The actual final gambit was something the adults hadn't come up with, right? Like, how the war ended. Or they couldn't bring themselves to actually do it because of the cost. But because Ender "didn't know", he finished it. That was my take anyway.
 
2013-11-10 02:40:38 PM

mekki: MightyPez: Someone with me suggested the Thor movies probably have a broader appeal to women because of the romance/fantasy angle.

Then that someone doesn't know women. The reasons why Thor has a broader appeal to women are two things 1) gratuitous shirtless shots of Hemsworth (Indeed the body of a god) 2) Loki as played by Hiddleston.

Loki is a bigger hit among women than Thor is and Loki is the villain. Loki is one of those rare villains who could have their own side movie and it would be a guaranteed hit. He's Marvel's answer to DC's Joker in terms of villain popularity.


I just want to underline this.  Loki is the majority of the reason I went to see the film yesterday, despite what he did in The Avengers to my other favorite character.  Not only is he terrific, but he can chew the scenery almost as well as Anthony Hopkins, who has set a very high bar on scene-chewing.

The entirety of the film is quite well-masticated and fun.  The other high point was not making quite such a big deal out of Hemsworth and Portman's relationship, which frankly made the first one very boring to me.

/I like pretty guys
//do not like long, drawn out, romantic plot tumors.
 
2013-11-10 02:44:26 PM

LesserEvil: Ender's Game was never really going to be a franchise. The next two books don't fit well into the "Hollywood Movie" mold.

Scalzi's Old Man's War might make a good franchise, though.


OMW has already been greenlit.
 
2013-11-10 02:59:02 PM

Bslim: Told ya Ender's was gonna tank. Old man Ford should have to beg to get on Ep. 7, I say they kill Solo off camera.  Let bitter old fool retire to tend to his petunias.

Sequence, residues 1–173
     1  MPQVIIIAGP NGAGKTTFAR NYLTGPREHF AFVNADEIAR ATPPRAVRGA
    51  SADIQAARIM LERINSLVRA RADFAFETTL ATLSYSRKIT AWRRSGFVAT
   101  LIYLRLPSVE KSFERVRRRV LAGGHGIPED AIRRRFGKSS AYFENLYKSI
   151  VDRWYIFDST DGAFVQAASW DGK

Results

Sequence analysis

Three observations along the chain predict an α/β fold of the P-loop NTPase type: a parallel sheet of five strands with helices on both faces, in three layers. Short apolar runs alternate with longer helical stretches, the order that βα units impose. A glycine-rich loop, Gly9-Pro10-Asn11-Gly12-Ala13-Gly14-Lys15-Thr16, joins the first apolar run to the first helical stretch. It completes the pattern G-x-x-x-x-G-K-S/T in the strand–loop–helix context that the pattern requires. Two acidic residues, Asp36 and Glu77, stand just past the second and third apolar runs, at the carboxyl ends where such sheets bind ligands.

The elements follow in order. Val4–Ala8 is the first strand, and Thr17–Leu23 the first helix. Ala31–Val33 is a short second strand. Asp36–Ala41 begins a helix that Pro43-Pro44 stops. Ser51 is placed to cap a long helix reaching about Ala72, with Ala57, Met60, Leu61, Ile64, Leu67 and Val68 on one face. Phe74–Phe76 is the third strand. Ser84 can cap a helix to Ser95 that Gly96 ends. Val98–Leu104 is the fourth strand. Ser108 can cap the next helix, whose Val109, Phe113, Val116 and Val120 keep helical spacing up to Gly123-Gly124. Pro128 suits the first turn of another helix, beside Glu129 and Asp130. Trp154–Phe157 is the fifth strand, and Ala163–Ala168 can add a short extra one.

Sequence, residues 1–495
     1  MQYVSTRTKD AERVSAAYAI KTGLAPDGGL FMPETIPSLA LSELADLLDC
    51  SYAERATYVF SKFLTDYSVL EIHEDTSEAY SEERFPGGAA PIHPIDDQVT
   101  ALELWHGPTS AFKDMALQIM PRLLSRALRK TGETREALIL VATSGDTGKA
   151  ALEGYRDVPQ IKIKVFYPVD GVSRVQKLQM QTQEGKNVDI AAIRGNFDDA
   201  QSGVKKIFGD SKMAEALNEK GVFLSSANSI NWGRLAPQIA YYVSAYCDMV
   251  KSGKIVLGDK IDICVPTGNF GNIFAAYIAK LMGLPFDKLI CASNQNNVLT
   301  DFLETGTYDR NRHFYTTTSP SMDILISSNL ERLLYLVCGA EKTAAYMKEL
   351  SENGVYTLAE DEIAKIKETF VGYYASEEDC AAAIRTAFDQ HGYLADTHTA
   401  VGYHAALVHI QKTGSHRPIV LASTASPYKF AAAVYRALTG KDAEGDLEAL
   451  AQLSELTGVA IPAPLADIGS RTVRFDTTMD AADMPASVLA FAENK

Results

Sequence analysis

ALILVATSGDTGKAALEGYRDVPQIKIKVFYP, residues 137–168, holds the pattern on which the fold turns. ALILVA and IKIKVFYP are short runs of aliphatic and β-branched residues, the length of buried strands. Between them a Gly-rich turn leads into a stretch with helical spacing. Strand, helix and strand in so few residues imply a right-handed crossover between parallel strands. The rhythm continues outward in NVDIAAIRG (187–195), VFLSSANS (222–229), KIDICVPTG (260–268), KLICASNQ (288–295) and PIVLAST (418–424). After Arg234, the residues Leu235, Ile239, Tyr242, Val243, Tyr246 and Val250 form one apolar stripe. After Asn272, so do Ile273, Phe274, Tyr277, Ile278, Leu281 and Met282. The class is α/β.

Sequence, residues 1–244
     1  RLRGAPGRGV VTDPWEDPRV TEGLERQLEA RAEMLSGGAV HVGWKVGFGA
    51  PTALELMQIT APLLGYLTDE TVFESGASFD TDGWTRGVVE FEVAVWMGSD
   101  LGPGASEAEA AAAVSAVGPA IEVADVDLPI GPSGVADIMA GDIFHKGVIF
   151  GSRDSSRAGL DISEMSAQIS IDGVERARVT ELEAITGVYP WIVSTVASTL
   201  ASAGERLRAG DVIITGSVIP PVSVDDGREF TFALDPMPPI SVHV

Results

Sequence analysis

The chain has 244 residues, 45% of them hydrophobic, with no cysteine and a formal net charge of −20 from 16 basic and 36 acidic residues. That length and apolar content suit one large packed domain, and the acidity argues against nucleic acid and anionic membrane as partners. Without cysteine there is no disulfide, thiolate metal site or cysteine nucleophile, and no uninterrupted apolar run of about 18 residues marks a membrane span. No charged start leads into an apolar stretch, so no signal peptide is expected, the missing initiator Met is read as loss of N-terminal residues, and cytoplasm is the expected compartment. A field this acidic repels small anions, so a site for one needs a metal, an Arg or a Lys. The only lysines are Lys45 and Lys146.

media.aintitcool.com
 
2013-11-10 03:36:58 PM
Saw "12 Years a Slave" this weekend. One of the best movies to come out in the past few years and is worth seeing. Has a great cast and the movie moves along fast. The ending was happy/sad and people in the theater I went to were actually crying a little over it.
 
2013-11-10 03:57:03 PM

mekki: MightyPez: Someone with me suggested the Thor movies probably have a broader appeal to women because of the romance/fantasy angle.

Then that someone doesn't know women. The reasons why Thor has a broader appeal to women are two things 1) gratuitous shirtless shots of Hemsworth (Indeed the body of a god) 2) Loki as played by Hiddleston.

Loki is a bigger hit among women than Thor is and Loki is the villain. Loki is one of those rare villains who could have their own side movie and it would be a guaranteed hit. He's Marvel's answer to DC's Joker in terms of villain popularity.


Hmm. Loki is both vastly more popular than Joker and holds nebulous status as a villain at this point. If he had his own movie, he'd work just fine as a heroism-less hero.
 
2013-11-10 03:58:44 PM
And do you know who else saw Thor's hammer?

www.behindthehype.com

/Gave it two legs up she did.
 
2013-11-10 04:19:29 PM

CloseYourMouth: lewismarktwo: LesserEvil: Ender's Game was never really going to be a franchise. The next two books don't fit well into the "Hollywood Movie" mold.

Scalzi's Old Man's War might make a good franchise, though.

Deffo.  They have the old age makeup down.  I'm sure they can paint people green.

/actually I bet green people wouldn't make the cut and they'd look normal to increase relate-ability and sex factor.

I never thought the green / chlorophyll skin in Scalzi's novels made a lot of sense. I mean they wear clothing / armor so how much sunlight would they actually get? Need a lot of square footage of leaves to add up to any about of energy (there is a reason trees are so big)

But regardless of the green skin, Old Man's war if done right would be great.


I thought they were green simply for identification purposes so no one goes AWOL?
 
2013-11-10 04:25:59 PM
Aw, i was looking forward to Enders sequels. A bunch of people sitting around on spaceships for 20 years talking about trees and shiat... woulda been great.
 
2013-11-10 04:39:05 PM

KhamanV: mekki: MightyPez: Someone with me suggested the Thor movies probably have a broader appeal to women because of the romance/fantasy angle.

Then that someone doesn't know women. The reasons why Thor has a broader appeal to women are two things 1) gratuitous shirtless shots of Hemsworth (Indeed the body of a god) 2) Loki as played by Hiddleston.